Assignment 2: Solar Power to the School

Topic: The school has been attempting to reduce energy consumption and increase green energy sources. Can we power the school/campus solely on solar power?

Audience: Students and campus staff concerned with reducing the schools carbon emissions, including those who do not claim solar power will be enough to power the school.

Source 1: http://www.opp.psu.edu/about-opp/fast-facts-on-the-pennsylvania-state-universityand http://www.opp.psu.edu/services/energy/energy-usage Relevant Information: This provides the numbers about Penn State’s annual power consumption (300,000,000 kWh Average but as of late 280,000,000 KWH) and area of roofing and buildings for the campus. (79 acres of roofing and 933 Buildings) I could also use this data to estimate carbon emission reduction from the use of solar power as a supplement rather than a replacement. Credibility: Good, information comes directly from the school and is intended for use by students and faculty alike. There should be no reason to lie or conceal the correct information.

Source 2: http://pvwatts.nrel.gov/pvwatts.php Relevant information: This website calculates the power generated by a single solar panel system based on local weather patterns and solar panel type. (~5000 kWh annual average) Additionally, the power generation is calculated on a month to month basis, displaying the seasonal variance. This also could be used to estimate cost if I find that to be a worthwhile pursuit later. Credibility: Fair-Good. This is a government owned website, but it also appears to enable ordering of solar panels. It may be possible that they stand to gain from sales made through this website; however, the low estimation of power generations leads me to believe they are not lying.

Source 3: http://www.theecoexperts.co.uk/what-size-solar-panel-do-i-need Relevant Information: This website provides the surface area of roof based solar panels, which is surprisingly not easily accessible from the previous source. Credibility: Good. Although this information comes from a U.K. based company or comparison website. There is absolutely no benefit to lying about solar panel size, and the effect of the U.K. source is simply that the size is measured in meters.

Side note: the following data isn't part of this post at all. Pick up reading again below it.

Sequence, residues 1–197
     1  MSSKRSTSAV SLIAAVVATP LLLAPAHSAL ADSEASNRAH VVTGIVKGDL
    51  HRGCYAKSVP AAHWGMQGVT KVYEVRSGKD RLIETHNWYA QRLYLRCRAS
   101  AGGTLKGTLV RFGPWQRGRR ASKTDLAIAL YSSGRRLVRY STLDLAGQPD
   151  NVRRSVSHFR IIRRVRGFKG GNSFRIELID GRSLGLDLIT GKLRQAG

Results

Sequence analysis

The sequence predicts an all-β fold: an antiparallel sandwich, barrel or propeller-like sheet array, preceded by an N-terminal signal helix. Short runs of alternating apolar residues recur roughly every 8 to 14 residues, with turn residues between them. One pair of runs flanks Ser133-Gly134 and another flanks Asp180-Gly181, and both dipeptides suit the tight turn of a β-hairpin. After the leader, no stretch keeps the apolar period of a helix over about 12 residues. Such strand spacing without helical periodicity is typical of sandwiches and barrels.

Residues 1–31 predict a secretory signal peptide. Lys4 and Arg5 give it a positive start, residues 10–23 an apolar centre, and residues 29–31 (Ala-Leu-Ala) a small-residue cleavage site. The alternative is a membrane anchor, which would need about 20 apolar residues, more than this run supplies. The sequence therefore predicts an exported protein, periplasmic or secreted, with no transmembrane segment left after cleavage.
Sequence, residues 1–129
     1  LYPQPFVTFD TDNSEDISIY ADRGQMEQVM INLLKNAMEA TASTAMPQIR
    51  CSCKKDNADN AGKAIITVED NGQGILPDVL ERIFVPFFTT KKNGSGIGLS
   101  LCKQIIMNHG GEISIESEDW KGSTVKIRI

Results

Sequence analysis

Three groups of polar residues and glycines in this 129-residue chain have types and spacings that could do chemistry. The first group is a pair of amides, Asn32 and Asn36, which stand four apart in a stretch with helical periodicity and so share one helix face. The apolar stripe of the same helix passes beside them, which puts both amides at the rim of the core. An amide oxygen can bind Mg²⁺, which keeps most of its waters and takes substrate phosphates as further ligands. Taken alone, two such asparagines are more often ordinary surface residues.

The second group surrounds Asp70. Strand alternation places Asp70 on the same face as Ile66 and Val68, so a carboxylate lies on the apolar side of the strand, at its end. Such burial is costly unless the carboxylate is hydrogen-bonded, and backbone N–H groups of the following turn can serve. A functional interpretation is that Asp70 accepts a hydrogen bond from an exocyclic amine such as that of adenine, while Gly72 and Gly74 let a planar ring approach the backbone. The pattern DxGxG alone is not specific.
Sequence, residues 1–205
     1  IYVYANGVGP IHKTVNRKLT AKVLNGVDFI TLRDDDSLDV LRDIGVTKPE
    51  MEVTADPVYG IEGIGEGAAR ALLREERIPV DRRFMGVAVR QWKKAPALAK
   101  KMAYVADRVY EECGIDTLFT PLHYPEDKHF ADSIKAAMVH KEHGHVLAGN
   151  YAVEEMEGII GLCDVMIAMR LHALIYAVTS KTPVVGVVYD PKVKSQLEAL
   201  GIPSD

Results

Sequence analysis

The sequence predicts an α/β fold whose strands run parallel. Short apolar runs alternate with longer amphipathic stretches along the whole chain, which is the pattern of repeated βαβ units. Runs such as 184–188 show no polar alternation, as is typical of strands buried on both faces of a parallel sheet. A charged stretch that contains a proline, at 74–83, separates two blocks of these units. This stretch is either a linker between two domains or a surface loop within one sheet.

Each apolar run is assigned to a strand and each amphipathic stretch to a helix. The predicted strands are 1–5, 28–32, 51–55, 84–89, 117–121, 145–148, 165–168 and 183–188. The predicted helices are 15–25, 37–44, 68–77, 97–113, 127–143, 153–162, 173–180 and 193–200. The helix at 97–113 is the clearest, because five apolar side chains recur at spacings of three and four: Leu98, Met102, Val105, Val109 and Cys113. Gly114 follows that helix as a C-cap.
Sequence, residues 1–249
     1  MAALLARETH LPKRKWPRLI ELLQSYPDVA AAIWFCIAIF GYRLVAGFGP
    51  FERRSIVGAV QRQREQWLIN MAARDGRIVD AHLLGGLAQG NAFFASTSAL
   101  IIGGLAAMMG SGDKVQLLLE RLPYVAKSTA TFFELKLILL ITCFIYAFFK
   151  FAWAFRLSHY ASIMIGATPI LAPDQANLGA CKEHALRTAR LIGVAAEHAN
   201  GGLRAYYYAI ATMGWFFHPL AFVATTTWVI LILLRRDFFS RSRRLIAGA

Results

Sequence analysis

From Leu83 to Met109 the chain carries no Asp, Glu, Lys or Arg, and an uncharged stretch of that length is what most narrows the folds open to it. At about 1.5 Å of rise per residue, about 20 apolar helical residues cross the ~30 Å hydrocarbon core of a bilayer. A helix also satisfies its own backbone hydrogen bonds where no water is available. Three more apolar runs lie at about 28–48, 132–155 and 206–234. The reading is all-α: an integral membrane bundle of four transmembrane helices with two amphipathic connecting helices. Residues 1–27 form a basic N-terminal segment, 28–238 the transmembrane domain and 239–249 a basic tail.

Source 4: http://news.psu.edu/story/315879/2014/05/13/academics/penn-state-students-take-green-energy-challenge Relevant Information: This is one of a few news article from Penn state that provides some background information on the schools energy based goals and activities. I simply used this to craft the introduction and reason to pursue this topic. Credibility: Fair. Obviously, Penn state has an interest in improving their reputation, but since this isn’t a source of data used for calculation or construction of any argument I see no reason to exclude its use based on skepticism.

Ideas fit together: I will use the data provided by the listed sources to discover if we can power the campus with only solar panels installed onto our existing roof area. Upon confirming that this is not possible, I will explore how much we can reduce carbon emissions by using solar power as a supplement to our existing power sources, paying particular attention to the summer months. Source 1 provides the relevant information about campus, while source 2 provides the relevant information about the solar panel power generation, and source 3 provides information about solar panel size.

Mathematical Equations: I intend to calculate whether solar panels installed on University Park’s existing roof space can meet the power generation requirements of the campus. If they cannot, I will calculate how much we can reduce greenhouse emissions by replacing or supplementing a portion of our power with solar power.

Introduction: Penn State University has been trying to reduce their energy consumption and convert to cleaner energy as of late to reduce their Greenhouse emissions and “Go Green.” They even have put student teams to the task of outlining proposals for green energy on a smaller scale. There is actually a petition on the table for Penn State to convert to solar energy. However, University Park is in a colder area with semi-frequent cloud cover and precipitation. Furthermore there are a lot of students residing in the area, and the energy consumption can be quite intense. Could the campus really be powered on solar energy alone?

Conclusion: If we were going to mount solar panels on every square meter of roof area presently in the University Park Campus we could only meet 20% of the campus’ annual power consumption. This is even less promising when considering how unreasonable using every bit of roof space is and the seasonal variance of power generated by these solar panels. That is not to say that solar panels couldn’t supplement our power generation at the school and reduce our greenhouse emissions considerably, but we cannot power this campus on solar power alone, at least not with standard residential solar power.

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